The pound to euro (GBP/EUR) exchange rate traded between interbank levels of €1.1059 and €1.1292 in September as Brexit continued to fuel sterling movements, writes Ben Scott of FC Exchange.
September began with upheaval; Boris Johnson catalysed more Conservative Party infighting giving more fuel to the UK’s political uncertainty.
Additionally, the Trades Union Congress (TUC) suggested it would back a second referendum should Theresa May not deliver a deal that benefits workers.
Date and Developments
On 10th September sterling rallied against other majors after UK growth numbers surprised to the upside, and allowed GBP/EUR to jump above the 1.12 level. The UK’s Gross Domestic Product (GDP) figures for the three months through July were 0.6%, a more favourable reading than the previous 0.4% and 0.5% forecasts. Additionally, the UK’s trade deficit hit its lowest level since February at £9.97bn.
Comments from EU chief negotiator Michel Barnier also gave sterling some support at the start of September. Barnier even intimated that his stance on the Irish border, one of the more difficult aspects of the Brexit negotiations, had eased.
Eurozone consumer confidence took a dive in September. Economists had expected a small change from -1.9 to -2.0, but instead the ecostat fell further into contraction at -2.9.
In positive news, European Central Bank (ECB) Chief Mario Draghi said that inflation risks in the currency bloc were receding. The central bank is still expected to begin ending its asset purchase programme at the end of the year, despite some mixed ecostats.
Meanwhile, at the Bank of England (BoE), Governor Mark Carney announced in September that he’d be extending his term as head of the central bank. Governor Carney will now remain in his current position until the end of January 2020, in a bid to continue his work while the economy copes with the Brexit outcome.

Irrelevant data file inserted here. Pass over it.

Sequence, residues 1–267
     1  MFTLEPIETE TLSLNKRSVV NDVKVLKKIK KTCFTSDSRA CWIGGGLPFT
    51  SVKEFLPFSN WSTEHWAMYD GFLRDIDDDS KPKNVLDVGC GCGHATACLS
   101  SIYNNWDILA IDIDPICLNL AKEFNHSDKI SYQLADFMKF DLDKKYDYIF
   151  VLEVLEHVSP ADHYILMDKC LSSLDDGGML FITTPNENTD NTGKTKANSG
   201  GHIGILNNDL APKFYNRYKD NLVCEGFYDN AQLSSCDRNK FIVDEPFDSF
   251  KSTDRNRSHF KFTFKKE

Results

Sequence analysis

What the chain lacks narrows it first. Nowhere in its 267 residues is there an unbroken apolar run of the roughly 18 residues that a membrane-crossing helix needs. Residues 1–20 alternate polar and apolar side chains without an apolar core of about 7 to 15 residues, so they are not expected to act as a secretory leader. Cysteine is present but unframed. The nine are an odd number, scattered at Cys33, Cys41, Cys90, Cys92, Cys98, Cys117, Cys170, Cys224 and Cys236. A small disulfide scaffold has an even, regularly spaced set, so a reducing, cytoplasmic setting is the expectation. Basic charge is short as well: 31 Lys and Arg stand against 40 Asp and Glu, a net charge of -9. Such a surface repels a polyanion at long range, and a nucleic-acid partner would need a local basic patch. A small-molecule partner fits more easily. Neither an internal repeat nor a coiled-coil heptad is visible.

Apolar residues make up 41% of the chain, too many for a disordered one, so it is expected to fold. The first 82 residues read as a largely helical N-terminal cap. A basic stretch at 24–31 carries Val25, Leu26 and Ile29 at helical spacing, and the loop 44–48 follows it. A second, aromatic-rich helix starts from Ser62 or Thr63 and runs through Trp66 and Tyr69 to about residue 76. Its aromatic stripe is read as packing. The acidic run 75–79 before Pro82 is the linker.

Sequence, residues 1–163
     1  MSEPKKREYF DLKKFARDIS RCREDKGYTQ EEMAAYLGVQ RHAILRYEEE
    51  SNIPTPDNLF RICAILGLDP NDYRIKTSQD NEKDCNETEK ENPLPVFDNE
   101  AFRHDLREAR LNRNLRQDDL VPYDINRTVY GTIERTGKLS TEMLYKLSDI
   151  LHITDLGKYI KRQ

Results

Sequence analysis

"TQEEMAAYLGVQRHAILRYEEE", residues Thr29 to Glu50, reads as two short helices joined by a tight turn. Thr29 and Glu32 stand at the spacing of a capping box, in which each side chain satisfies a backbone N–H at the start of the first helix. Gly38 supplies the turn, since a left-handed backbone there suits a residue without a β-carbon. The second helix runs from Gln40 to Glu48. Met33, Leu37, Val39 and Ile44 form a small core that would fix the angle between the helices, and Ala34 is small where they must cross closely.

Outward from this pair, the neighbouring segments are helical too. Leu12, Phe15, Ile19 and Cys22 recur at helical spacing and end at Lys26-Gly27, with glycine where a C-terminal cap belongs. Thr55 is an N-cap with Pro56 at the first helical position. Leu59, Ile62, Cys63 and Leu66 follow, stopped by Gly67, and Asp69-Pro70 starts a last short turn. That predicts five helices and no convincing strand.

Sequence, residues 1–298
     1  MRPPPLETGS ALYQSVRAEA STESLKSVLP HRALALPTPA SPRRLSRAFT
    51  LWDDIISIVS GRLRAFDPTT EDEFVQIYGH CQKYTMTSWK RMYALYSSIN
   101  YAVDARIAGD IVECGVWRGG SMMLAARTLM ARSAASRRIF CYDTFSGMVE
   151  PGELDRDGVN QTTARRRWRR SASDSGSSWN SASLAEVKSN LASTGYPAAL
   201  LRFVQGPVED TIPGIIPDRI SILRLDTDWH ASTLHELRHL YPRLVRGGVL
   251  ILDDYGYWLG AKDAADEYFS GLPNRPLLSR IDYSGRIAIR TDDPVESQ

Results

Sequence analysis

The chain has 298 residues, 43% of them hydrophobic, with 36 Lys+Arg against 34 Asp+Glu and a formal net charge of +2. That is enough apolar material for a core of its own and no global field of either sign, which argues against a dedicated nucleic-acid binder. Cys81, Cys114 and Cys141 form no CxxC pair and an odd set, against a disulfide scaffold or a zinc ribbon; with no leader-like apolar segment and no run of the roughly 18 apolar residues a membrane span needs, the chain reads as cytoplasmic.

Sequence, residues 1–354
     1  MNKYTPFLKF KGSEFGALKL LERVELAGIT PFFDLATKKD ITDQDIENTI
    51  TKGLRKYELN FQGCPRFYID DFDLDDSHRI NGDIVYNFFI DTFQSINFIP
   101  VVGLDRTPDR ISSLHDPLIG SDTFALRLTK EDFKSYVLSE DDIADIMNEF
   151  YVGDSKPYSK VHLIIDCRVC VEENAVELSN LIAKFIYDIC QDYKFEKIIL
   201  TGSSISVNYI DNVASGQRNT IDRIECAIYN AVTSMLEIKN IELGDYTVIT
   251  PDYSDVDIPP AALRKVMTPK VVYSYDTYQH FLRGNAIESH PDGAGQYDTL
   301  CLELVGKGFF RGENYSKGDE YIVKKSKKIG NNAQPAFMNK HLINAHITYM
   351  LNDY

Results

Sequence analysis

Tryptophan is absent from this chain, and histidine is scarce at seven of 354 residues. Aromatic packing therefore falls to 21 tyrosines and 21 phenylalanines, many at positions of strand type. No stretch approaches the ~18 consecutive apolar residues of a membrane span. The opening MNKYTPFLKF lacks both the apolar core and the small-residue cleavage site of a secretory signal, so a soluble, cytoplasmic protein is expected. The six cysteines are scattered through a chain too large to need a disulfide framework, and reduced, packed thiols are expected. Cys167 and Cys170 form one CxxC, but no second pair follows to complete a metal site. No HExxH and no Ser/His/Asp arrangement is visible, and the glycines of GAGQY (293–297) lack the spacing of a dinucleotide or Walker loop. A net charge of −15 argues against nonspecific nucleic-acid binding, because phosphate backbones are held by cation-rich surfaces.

Carney warned that a 'no-deal' Brexit could create a UK recession, and house prices could decline by up to 35%. On September 14th, the central bank mogul said that mortgage rates could spiral, sterling could slump, and inflation may jump, should a disorderly Brexit take place. Stress tests for banks have also been ongoing to check that they could withstand different Brexit scenarios. Carney said: "Our job, after all, is not to hope for the best but to plan for the worst."
In the middle of September, the pound put in a dreadful performance when a no-deal Brexit possibility reared its head again. The week commencing 17th September, sterling had managed to reach two-month highs against the US Dollar (GBP/USD), and was even the second-best G10 currency performer on Monday. Things took a turn for the worse on the 21st September, and the pound marked its biggest daily loss of 2018 in response to Theresa May’s press conference.
Theresa May’s embarrassment in Salzburg didn’t help the pound, and her resulting press appearance, where she once again stated that no deal was better than a bad deal, was enough to sink the British currency. May said: "The EU should be clear, I will not overturn the result of the referendum, nor will I break up my country. We need serious engagement in resolving the two big issues in the negotiations and we stand ready. I have treated the EU with nothing but respect. The UK expects the same."
GBP/EUR Exchange Rate Forecast
The end of September brought with it Italian troubles. The new Italian government announced a larger-than-anticipated budget deficit, which raised fears that they may on a collision course with the EU.
Global Reach Chief Economist Eimear Daly also stated: "GBP/EUR trade is dictated by politics on both sides of the English Channel. GBP continues to be at the mercy of Brexit headlines, while the short-term focus for the EUR is Italy’s rebuke of Euro Area national budget targets.’"
Meanwhile, October highlights the Brexit deadline both sides have put in place for a final agreement to be met, but with so little progress on a final deal and May still threatening no deal, it’s possible sterling fluctuations could be dramatic and unpredictable.
Reports have suggested Tories will try and rush through the deal to prevent a leadership challenge; markets will be watching closely. Eimear Daly states: "Over the course of October GBP/EUR trade is likely to be highly volatile."
The overall direction of GBP/EUR is likely to be lower, towards the €1.10 level, as a hard Brexit is by far the bigger political risk.
In terms of economic data, on 28th September the final UK second-quarter GDP reading disappointed markets coming in at 1.2% rather than 1.3% as expected.
So markets will be interested in forecasts for the third quarter’s growth, as well as inflation readings. Key data such as GDP and consumer prices will be considerations for the BoE’s monetary policy committee, but with Brexit just around the corner, policymakers will be incredibly hesitant to make any adjustments.